Rule 49(b) provides that the trial court may not enter judgment in a case where the answer to the special interrogatories are “inconsistent with each other and one or more is inconsistent with the general verdict.”  Because Rule 49(b) appears to prohibit the district court judge from accepting an inconsistent verdict, several courts have found that a party cannot waive its objection to such a verdict and may challenge the alleged inconsistency for the first time in posttrial motions. See, e.g., Schaafsma v. Morin Vermont Corp., 802 F.2d 629, 634 (2d Cir. 1986) (“The terms of Rule 49(b) make it the responsibility of a trial judge to resolve the inconsistency even when no objection is made.”).

Despite this leeway, not raising an objection to a special verdict or general verdict with interrogatories, runs serious risks. At a minimum, you have to be certain that your verdict is not a general verdict—where waiver would likely apply—and is, in fact, a verdict governed by Rule 49. The fact that your verdict form says “Special Verdict” form is not dispositive.  Reviewing courts will look at the nature of the decisions reached by the jury, not the labels applied to them. The safest course is to bring the inconsistency to the court’s attention and then make an objection.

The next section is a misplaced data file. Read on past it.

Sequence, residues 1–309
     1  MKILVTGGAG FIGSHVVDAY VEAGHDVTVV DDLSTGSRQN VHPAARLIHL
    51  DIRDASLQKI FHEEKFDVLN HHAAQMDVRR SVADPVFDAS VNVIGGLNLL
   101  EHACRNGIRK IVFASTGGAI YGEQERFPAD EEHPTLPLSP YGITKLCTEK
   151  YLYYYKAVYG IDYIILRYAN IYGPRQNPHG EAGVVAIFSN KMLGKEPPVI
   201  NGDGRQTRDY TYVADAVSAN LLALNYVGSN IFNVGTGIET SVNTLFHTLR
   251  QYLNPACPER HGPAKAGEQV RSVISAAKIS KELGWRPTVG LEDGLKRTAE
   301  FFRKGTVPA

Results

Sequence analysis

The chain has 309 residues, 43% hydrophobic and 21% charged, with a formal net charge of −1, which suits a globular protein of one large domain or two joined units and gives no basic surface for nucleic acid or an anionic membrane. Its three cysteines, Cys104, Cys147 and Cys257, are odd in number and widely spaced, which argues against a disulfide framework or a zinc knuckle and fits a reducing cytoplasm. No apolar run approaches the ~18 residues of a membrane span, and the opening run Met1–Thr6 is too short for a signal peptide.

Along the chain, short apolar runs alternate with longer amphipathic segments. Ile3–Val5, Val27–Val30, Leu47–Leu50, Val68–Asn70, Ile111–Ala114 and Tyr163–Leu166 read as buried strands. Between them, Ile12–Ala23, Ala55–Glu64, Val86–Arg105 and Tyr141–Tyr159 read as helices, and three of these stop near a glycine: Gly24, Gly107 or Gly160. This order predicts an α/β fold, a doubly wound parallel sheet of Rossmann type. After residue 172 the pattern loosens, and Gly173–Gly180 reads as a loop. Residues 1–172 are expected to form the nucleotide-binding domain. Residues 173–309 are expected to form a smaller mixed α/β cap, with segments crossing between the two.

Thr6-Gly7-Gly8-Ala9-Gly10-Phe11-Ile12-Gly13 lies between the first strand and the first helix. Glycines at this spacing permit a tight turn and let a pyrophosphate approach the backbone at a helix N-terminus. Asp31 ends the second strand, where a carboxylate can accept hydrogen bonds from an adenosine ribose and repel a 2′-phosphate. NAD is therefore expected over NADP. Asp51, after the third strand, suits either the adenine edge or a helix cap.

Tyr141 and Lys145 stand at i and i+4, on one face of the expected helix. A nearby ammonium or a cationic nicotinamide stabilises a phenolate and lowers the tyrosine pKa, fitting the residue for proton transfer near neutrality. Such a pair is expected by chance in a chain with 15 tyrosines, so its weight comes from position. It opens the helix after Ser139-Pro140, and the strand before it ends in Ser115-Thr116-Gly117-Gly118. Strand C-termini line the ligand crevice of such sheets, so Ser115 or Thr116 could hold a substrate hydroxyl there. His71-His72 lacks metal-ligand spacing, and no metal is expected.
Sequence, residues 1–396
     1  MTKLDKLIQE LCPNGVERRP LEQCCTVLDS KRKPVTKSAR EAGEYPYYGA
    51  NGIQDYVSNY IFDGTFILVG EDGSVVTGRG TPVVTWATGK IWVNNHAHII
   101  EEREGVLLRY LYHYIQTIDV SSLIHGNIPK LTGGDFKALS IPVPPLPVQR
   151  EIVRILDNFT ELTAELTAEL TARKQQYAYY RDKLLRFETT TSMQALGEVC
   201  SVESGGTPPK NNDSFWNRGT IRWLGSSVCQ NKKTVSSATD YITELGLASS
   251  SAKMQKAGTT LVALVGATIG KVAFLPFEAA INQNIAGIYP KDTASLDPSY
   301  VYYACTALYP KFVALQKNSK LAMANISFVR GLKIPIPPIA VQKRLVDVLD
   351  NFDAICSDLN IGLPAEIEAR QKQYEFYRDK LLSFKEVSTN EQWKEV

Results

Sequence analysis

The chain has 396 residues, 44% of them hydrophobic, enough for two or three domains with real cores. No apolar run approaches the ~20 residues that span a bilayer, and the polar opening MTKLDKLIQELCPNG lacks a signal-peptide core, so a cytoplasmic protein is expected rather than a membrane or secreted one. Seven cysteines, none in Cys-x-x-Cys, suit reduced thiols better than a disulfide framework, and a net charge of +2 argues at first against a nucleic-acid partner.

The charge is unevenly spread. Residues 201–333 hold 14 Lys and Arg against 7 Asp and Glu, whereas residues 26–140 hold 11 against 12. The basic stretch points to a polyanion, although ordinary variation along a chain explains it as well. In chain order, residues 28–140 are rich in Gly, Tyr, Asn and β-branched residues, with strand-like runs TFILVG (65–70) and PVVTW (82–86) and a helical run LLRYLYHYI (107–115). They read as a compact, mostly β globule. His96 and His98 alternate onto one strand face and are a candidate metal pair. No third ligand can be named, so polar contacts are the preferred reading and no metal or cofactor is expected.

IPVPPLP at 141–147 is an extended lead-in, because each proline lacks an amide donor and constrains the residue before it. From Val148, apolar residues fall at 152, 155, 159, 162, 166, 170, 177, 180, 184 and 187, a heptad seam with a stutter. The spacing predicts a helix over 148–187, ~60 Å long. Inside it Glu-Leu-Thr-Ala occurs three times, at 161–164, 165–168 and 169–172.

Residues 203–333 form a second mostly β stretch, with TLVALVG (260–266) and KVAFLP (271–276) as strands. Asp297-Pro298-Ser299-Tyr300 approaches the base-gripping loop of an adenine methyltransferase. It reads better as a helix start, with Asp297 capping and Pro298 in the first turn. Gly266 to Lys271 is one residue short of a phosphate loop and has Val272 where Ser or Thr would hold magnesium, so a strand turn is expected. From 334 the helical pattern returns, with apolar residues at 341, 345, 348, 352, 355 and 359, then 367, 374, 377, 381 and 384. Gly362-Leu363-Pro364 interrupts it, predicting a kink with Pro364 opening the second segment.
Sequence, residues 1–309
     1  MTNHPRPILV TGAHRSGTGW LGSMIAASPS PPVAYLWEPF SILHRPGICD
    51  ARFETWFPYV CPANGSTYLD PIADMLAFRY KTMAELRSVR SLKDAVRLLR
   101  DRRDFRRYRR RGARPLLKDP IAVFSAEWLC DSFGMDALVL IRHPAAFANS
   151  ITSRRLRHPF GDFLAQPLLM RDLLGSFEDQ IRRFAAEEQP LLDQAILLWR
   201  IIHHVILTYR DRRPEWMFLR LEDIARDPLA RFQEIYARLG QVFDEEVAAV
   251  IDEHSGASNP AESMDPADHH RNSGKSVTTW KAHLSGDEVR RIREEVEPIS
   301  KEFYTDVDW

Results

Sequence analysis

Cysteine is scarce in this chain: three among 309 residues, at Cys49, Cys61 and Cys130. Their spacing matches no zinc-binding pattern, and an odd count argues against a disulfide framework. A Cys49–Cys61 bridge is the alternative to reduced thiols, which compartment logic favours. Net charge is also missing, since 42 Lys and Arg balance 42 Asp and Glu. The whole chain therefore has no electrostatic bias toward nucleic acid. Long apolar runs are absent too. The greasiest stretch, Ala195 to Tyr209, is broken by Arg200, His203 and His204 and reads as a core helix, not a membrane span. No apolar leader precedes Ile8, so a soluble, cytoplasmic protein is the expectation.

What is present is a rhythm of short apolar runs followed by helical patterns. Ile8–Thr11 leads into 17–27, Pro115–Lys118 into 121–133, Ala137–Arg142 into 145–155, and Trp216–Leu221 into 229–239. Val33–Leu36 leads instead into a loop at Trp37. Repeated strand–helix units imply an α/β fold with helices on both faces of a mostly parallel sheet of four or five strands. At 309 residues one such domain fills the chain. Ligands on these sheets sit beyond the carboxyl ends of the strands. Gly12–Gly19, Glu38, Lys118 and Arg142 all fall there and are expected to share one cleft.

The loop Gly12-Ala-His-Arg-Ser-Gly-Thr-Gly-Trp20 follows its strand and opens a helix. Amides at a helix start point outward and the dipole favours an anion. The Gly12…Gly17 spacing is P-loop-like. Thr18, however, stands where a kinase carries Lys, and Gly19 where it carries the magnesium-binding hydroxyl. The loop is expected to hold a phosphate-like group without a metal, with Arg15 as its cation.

Bottom Line

Keep in mind the potential for inconsistences while drafting and finalizing verdict forms and jury instructions. While it may be tempting to draft a very detailed verdict form covering every element of every claim, complicated verdict forms can confuse the jury and increase the possibility of an internal inconsistency. Once the verdict form and jury instructions are finalized with the court, look for ways in which a verdict could come back inconsistent, and plan out ahead of time what your reaction will be.

Ultimately, no matter how carefully jury instructions and verdict forms are drafted, juries can reach inconsistent verdicts. Trial attorneys should anticipate possible inconsistencies, research the applicable standard, and be prepared to interpose timely objections. And last, if you are unsure, ask for a moment to consider the verdict before telling the judge that you have no further business for the jury. At that point, you may lose your chance to challenge any inconsistency.

Keywords: litigation, trial practice, inconsistent jury verdict, litigation tips